My parsley plant started disappearing again.
Last time this happened, I found a little striped Black Swallowtail caterpillar munching on it.
After a few days it crawled up on the Passion vine, changed shape,
formed a chrysalis, and disappeared.
This time though, I could not find the culprit.
Each day the plant got smaller and smaller.
Ah Ha! I finally caught the bandit in action.
No Black Swallowtail this go-round.
It was a black New Zealand Lop rabbit, Charlotte.
The plant has been moved out of reach of Miss Munchie.
She was out there searching for her snack this morning.
Whew! These rabbits keep me hopping.
I had to search for these two, but I knew that they ate banana leaves.
These are Saddleback caterpillars/Archaria stimulea.
They are beautiful. The hairs are their stingers. Their venom is painful.
I was stung by one over thirty years ago. I still remember the shock of it.
Itty bitty, greenie weanie, tiny little stinging meanie.
I found this fuzzy baby munching on some Lucifer leaves.
He looks so much like a tiny Barley bunny, that I wanted to pick him up.
Good thing I know better.
This sweet little puss caterpillar also has another name.
Megalopyge opercularis/Flannel moth caterpillar/wooly slug
If you must pet it, you will get stung.
He’s cute, but he’s mean.
This is NOT how I intended this to turn out.
I have been very pleased with the new placement of Colocasia escuelenta/ Coffee cups/ West Indian Kale near the small fish pond.
I intended to write a post about moving plants until you and the plant are both happy.
Well, now there is a third party involved.
The oak tree above is full of munching little caterpillars.
If you look up, you see naked limbs.
If you look down, you see feces. Now the water in the cups has the color of coffee. Yuck!
So thus the name of the post, in honor of Thomas Crapper of Chelsea. The owner of an early lavatory manufacturer in London.
My OCD self keeps flushing the leaves with water. No pun intended.
My first orders of business when I return from a trip are to check on the bunnies
and then to tour my plants to check for any changes.
To my shock and horror, when I peered into the baby fern box
my prized Dragon’s Tail fern/Aspleniaceae x Ebenoides was missing many fronds.
Not whole fronds. The midribs remained sticking out nakedly brown without the lovely green scales.
Something had eaten the Dragon’s Tails down to the bones.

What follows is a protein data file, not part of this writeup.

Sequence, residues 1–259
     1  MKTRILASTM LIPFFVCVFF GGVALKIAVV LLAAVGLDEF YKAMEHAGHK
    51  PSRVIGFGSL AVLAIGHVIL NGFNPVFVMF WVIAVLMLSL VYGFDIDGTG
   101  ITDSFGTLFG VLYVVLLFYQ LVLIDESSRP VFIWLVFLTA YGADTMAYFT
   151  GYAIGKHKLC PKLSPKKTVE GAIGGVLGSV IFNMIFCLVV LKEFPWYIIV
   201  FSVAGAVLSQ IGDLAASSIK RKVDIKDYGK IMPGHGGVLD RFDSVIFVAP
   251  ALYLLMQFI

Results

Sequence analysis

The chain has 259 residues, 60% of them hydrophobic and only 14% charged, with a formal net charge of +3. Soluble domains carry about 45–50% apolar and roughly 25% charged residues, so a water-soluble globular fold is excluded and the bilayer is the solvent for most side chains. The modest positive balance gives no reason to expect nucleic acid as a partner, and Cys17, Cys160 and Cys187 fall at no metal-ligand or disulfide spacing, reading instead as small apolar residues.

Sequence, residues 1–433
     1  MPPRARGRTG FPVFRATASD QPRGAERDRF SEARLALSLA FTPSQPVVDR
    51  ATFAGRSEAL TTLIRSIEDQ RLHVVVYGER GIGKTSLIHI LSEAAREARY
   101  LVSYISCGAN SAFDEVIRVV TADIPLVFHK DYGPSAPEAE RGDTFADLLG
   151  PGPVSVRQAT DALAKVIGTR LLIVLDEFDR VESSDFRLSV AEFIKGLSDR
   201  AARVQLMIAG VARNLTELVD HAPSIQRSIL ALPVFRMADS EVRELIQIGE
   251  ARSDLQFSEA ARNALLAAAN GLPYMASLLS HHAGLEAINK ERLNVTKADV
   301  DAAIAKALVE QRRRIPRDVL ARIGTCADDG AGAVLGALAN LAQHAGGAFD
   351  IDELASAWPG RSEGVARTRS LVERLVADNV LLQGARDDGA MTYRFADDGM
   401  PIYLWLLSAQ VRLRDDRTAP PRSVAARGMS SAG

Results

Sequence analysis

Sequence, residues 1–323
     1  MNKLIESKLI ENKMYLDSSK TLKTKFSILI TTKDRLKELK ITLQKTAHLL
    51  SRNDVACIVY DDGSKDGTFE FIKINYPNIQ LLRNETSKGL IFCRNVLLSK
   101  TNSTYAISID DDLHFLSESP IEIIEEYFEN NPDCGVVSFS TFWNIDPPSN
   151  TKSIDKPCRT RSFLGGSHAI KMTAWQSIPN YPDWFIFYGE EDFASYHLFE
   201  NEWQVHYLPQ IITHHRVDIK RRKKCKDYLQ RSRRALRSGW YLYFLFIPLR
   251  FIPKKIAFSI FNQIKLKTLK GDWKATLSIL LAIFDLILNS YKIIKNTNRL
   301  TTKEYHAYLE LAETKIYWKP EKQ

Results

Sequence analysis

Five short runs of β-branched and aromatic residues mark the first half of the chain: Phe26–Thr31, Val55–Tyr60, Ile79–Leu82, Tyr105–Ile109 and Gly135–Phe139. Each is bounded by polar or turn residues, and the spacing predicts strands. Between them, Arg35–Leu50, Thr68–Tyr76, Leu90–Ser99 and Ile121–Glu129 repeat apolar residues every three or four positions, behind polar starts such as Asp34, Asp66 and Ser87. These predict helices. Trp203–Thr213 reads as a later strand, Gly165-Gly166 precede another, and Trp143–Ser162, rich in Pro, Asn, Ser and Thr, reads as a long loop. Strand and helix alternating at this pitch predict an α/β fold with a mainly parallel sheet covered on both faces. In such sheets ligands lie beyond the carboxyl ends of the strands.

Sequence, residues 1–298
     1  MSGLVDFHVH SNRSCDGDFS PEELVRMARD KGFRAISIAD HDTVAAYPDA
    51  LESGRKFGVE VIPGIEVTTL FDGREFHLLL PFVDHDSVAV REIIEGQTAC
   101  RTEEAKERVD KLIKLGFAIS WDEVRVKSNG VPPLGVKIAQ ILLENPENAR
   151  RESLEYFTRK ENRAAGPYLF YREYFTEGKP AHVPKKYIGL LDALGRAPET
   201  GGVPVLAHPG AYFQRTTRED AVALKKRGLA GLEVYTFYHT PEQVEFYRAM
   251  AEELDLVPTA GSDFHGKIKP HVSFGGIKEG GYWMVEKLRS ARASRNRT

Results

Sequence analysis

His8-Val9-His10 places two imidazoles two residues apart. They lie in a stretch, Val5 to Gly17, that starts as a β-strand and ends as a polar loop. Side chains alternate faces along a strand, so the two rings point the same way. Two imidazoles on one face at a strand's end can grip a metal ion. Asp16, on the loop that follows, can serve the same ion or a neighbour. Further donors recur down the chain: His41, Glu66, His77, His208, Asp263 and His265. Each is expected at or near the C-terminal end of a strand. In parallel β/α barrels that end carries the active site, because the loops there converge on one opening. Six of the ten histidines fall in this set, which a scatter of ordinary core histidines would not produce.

There were droppings left on the dish below. Evidence.
A hungry caterpillar was feasting on my favorite fern.
I searched the soil before examining each frond.
I found a small green snacker, but knew he was not large enough to produce the poop.
Ah Ha! Bad, Bad Larva Brown. He and his little Green Sidekick were escorted outside.
Go pick on a bigger fern you bullies.
I hope little Dragon’s Tail can recover from this shock.
There is a whole world on one weed in my garden.
I did not kill this weed because of a hybrid I fell in love with in Tuscany.
So when I saw it growing on the bank, I staked it up to compare it with the hybrid.
What a wonderful weed it has been.
This wild Passion vine/Maypop/Passiflora incarnata has been a whole laboratory.
There are ants on the pods and stems.
The best part is all the caterpillars of various sizes.
Tiny, shiny, spiky, orange and black caterpillars of Fritillary butterflies.
I check on this plant every day and find something new.
An added bonus is a beautiful, blue morning glory that grew up into the Passion vine.
My daddy’s favorite color of blue, bluebird blue.
I have been blessed by this weed. I am so thankful I did not kill it.
Where would all those lovely caterpillars be? Nowhere, that’s where.
Follow the weed.
Butterflies do not just hatch from the egg with wings.
They must first go through a larval stage called caterpillar.
Then they have to bind themselves up for a while to go through metamorphosis.
While they are wrapped up(pupating) in the chrysalis (not pictured),
all their cells rearrange into a butterfly or moth. Then they have their wings.
Now everybody loves butterflies and colorful moths.
What if we went around killing all the weird and spiky worms in our yards?
Then there would be no lovely fliers later, because everyone killed them as babies.
If you don’t ” love some larvae”, leave them alone.
They are waiting for their wings.